"     We recently pointed out that "willful" is a word

"of many meanings, its construction often being influenced by its context." At times . . . the word denotes an act which is intentional rather than accidental. But "when used in a criminal statute it generally means an act done with a bad purpose." In that event something more is required than the doing of the act proscribed by the statute.

An evil motive to accomplish that which the statute condemns becomes a constituent element of the crime. And that issue must be submitted to the jury under appropriate instructions.

(Citations omitted.) SCREWS, at 101.

In UNITED STATES v. KERLEY, 643 F.2d 299 (5th Cir. 1981), the court relied on SCREWS in holding that in prosecution for willful deprivation of constitutional rights by a person acting under color of law, the trial court committed reversible error in failing to define the element of willfulness.

Particularly persuasive are two recent decisions of the courts of Indiana. As in Washington, the Indiana criminal code has a provision defining mental states of culpability. These include the terms "intentionally" and "knowingly". In SMITH v. STATE, _____ Ind. _____, 422 N.E.2d 1179, 1184 (1981), the Supreme Court for Indiana held:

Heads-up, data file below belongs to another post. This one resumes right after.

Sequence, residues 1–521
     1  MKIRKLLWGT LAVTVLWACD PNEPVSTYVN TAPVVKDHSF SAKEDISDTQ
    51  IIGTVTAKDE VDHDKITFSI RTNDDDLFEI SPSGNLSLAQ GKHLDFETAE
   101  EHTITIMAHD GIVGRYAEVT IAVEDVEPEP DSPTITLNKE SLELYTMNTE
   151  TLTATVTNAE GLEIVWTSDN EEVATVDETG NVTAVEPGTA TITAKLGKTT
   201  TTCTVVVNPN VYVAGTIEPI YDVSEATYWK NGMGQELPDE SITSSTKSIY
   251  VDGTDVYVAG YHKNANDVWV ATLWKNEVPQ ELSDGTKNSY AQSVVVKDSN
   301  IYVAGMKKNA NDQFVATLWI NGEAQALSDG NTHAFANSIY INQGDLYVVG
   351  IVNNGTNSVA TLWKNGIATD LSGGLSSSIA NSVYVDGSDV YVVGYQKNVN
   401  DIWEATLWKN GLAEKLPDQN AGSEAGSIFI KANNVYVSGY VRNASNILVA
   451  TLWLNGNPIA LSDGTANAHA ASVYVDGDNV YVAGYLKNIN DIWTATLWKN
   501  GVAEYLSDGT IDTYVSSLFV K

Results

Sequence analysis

"[T]he instruction uses the words "recklessly, knowingly or intentionally." Under our penal code, these are terms of art; that is, they have special legal definitions.

Ind.Code 35-41-2-2 (Burns 1979 Repl.) We have held that the use of a word of art in an instruction requires a further instruction on the definition of that word. MARTIN v. STATE, (1974) 262 Ind. 232, 246, 314 N.E.2d 60, 70, REH. DENIED, 262 Ind. 232, 317 N.E.2d 430, CERT. DENIED, (1975) 420 U.S. 911, 95 S.Ct. 833, 42 L.Ed.2d 841. CF. LOCK v. STATE, (1980) Ind., 403 N.E.2d 1360. However, Smith tendered no additional instructions on the meaning of these terms. For these reasons, the tendered instruction was confusing and thus properly refused. The trial court did not err in refusing appellant's tendered instruction number five.

Subsequently, in NASH v. STATE, _____ Ind. App. _____, 433 N.E.2d 807, 812 (1982), the court held that the trial court committed reversible error in failing to define such terms: